Next week, the European Parliament will have to take a stance with a last vote on the fate of the Copyright Directive, which has been discussed for several years. La Quadrature du Net calls for the Members of the European Parliament (MEPs) to throw out this bill that would induce severe restrictions to the freedom of speech and the access to information. Far from re-balancing the equilibrium with the Internet’s Majors, this bill would lead to devolve a worrying automated censorship ability to them. This bill is not the copyright reform the EU needs and it contains no tangible element that would improve the situation for creators.
The bill following the negotiations that were carried by the European institutions over the last months did not fix a single one of the issues that led us to call to already reject the bill many times in 2018. Our analysis remains the same: cultural industries and big rights holder companies are actually seeking to loot crumbs left behind by the Internet’s Majors thanks to the mass surveillance they are pursuing through targeted advertising. Under the guise of carrying out a “redistribution of wealth”, this directive would constitute a serious renunciation for the EU, as it would tie creation and press funding to a systematic violation of the rights of individuals.
This will all happen on the back of fundamental liberties, because of the directive’s articles 11 & 13, which spark the opposition of a great amount of civil society’s members. Even if the scope of the article 13 in its final form does not affect what La Quadrature considers as an open and free Internet—namely decentralised or federalised services such as Mastodon or Peertube —it will enforce on centralised and profitable platforms an obligation to preemptively filter contents that our association has always opposed. The exercise of such processes is evidently disproportionate and the directive adds no satisfying guaranty protecting freedom of speech. The Copyright Directive was thereby used as a laboratory for the automated censorship algorithms that can be found in other bills, such as the anti-terrorist regulation against which La Quadrature has stood.
The article 11 is just as much of an issue, since that, wishing to establish new rights for press publishers, it will actually restrain the use of those contents far beyond aggregators like Google News by potentially hurting non-profit entities and the entire ecosystem relating to the access to information as well.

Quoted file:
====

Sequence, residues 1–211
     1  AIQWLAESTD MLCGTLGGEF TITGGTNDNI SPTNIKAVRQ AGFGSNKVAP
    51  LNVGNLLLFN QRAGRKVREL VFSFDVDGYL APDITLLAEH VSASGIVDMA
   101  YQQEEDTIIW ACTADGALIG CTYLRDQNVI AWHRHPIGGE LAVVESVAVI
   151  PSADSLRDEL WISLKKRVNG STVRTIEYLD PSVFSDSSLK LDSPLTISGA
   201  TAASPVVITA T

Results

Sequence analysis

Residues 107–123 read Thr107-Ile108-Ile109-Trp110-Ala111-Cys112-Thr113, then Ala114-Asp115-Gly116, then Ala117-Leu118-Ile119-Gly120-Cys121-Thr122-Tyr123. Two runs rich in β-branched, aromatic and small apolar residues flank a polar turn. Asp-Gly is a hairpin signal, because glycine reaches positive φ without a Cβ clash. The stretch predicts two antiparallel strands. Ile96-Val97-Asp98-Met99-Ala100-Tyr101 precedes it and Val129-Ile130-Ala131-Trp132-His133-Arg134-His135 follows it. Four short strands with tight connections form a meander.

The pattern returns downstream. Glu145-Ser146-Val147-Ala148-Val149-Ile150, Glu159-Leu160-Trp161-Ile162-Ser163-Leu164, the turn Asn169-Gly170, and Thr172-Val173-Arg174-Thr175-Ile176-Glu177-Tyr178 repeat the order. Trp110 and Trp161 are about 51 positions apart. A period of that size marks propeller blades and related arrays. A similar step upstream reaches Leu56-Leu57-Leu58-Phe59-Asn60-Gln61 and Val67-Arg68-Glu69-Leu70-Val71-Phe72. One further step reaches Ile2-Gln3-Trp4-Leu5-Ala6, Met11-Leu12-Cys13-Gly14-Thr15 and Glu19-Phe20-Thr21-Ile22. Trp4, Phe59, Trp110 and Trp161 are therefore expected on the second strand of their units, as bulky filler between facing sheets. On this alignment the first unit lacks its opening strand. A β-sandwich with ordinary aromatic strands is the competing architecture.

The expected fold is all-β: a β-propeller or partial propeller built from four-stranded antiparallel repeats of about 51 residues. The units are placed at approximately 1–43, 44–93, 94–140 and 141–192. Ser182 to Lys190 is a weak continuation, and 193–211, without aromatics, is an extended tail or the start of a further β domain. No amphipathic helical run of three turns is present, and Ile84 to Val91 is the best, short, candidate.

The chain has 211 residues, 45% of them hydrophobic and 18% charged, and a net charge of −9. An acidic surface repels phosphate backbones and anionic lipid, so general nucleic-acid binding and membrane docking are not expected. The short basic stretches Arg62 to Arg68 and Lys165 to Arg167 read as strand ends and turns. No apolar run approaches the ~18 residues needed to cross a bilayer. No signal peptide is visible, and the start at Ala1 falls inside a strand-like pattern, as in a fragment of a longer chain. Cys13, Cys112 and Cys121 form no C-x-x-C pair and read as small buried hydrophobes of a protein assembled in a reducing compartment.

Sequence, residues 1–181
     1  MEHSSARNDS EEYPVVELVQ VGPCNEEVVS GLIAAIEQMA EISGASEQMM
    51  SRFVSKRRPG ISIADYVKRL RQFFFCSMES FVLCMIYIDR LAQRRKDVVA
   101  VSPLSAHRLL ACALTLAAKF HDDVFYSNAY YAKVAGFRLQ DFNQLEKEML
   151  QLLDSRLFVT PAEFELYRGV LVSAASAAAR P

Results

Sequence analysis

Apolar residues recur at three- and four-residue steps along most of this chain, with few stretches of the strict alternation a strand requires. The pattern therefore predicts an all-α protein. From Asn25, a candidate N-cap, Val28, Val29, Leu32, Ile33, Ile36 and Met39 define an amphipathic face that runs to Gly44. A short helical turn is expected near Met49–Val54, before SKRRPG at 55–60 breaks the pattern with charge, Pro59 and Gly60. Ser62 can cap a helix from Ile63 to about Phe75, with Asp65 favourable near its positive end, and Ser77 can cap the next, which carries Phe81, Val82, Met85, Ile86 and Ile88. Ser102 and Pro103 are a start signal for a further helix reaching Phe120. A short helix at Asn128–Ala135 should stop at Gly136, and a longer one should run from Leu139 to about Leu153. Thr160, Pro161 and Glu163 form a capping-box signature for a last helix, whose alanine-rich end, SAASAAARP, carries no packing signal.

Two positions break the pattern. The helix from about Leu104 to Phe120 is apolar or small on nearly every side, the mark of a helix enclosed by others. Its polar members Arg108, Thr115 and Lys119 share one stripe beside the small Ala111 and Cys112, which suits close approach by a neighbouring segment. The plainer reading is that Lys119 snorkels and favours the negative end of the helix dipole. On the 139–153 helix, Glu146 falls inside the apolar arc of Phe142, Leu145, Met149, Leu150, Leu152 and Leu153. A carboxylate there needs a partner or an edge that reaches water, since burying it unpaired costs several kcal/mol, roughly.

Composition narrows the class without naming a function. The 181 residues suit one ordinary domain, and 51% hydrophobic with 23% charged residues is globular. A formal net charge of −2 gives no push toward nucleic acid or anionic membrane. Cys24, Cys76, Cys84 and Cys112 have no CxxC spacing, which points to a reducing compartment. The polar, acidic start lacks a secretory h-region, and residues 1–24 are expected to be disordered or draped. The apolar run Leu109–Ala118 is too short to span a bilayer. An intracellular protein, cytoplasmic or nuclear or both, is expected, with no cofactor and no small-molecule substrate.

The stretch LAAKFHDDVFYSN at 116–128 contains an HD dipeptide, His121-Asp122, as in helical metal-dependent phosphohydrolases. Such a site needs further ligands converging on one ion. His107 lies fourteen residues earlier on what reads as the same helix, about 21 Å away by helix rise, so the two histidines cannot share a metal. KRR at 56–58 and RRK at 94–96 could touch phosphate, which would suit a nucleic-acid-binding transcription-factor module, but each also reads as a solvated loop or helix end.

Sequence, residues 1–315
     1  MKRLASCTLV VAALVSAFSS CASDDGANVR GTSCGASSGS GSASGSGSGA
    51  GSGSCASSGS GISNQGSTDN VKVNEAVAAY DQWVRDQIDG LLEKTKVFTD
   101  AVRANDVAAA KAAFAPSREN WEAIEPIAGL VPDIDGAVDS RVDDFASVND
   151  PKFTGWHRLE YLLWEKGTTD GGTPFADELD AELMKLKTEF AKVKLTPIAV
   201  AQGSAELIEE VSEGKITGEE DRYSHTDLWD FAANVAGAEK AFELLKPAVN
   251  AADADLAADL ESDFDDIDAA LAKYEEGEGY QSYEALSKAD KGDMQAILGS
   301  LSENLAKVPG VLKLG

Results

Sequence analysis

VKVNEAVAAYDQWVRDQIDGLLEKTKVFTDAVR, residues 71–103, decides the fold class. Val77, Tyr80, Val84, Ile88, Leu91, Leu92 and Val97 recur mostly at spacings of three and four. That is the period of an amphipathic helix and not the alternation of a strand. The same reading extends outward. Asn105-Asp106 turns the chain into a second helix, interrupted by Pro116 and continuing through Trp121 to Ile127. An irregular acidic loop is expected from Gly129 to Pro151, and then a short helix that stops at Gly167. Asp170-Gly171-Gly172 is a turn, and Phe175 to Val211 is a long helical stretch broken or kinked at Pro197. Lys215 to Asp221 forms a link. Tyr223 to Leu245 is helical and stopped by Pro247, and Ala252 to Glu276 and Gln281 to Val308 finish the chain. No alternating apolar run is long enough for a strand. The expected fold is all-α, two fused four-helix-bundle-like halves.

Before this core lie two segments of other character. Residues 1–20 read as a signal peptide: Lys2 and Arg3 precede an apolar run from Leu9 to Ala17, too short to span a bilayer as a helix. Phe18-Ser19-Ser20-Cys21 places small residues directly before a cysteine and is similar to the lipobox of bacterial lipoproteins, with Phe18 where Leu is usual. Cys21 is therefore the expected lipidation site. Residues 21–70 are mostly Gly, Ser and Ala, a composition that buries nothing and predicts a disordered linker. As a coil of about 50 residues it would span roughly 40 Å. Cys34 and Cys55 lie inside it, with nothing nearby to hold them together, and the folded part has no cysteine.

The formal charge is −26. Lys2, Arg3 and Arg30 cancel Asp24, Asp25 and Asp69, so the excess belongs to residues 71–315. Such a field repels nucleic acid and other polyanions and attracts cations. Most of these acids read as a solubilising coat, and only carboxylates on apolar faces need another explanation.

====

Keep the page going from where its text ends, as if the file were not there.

If the Copyright directive must be rejected by the European Parliament, it is also because it is not the positive copyright reform the EU needs. Cultural Industries managed once again to focus the debate on the consolidation of intellectual property, concealing the profound need to adapt the copyright regulations to digital practices. In this current shape, the directive admittedly contains some compromises in the form of copyright exceptions, but they remain far too limited to entail a significant change.
None of those measures fit the proposals made over the last several years by La Quadrature du Net in order to profoundly change copyright and reconcile artists with the public. For that, it would have been necessary to oppose ideas like the legalisation of non-profit sharing of art products, the acknowledgement of transformative practices such as remixes or mash-ups, or new forms of funding such as creative contribution.
By asserting that this bill will be able to improve European creators’ situation, the cultural industries supporting it are profoundly lying. They constantly prevented topics such as creation financing arrangements or regulations for income distribution among creators and middlemen, even though they’re the key to solving the authors’ situation. France holds a significant responsibility in this fiasco given that its governments and the majority of french MEPs have constantly obstructed those questions from being discussed, while pushing for the most repressive of measures.
More broadly, the whole writing process of this bill was glazed with intrusions by both cultural industry and Internet Majors lobbies. This harrowing sight undermines the EU’s democratic credibility. However, it must not overshadow the massive mobilisation of civil society’s individuals and organisations—one of the most important to date—which has been consistently ignored or mocked by the European Commission as much as some of the MEPs favorable to this bill.
The European Parliament still has one last chance to prove that they are capable of being independent by burying this aberrant bill for good. They already did it in July 2018 to protect fundamental liberties and they must do it again now for the same reasons.
This is why La Quadrature du Net joins other associations committed against this bill—EDRi, Bits of Freedom, Wikimedia, the APRIL and many more!—to call for European citizens to contact their MEPs on the platform Pledge2019.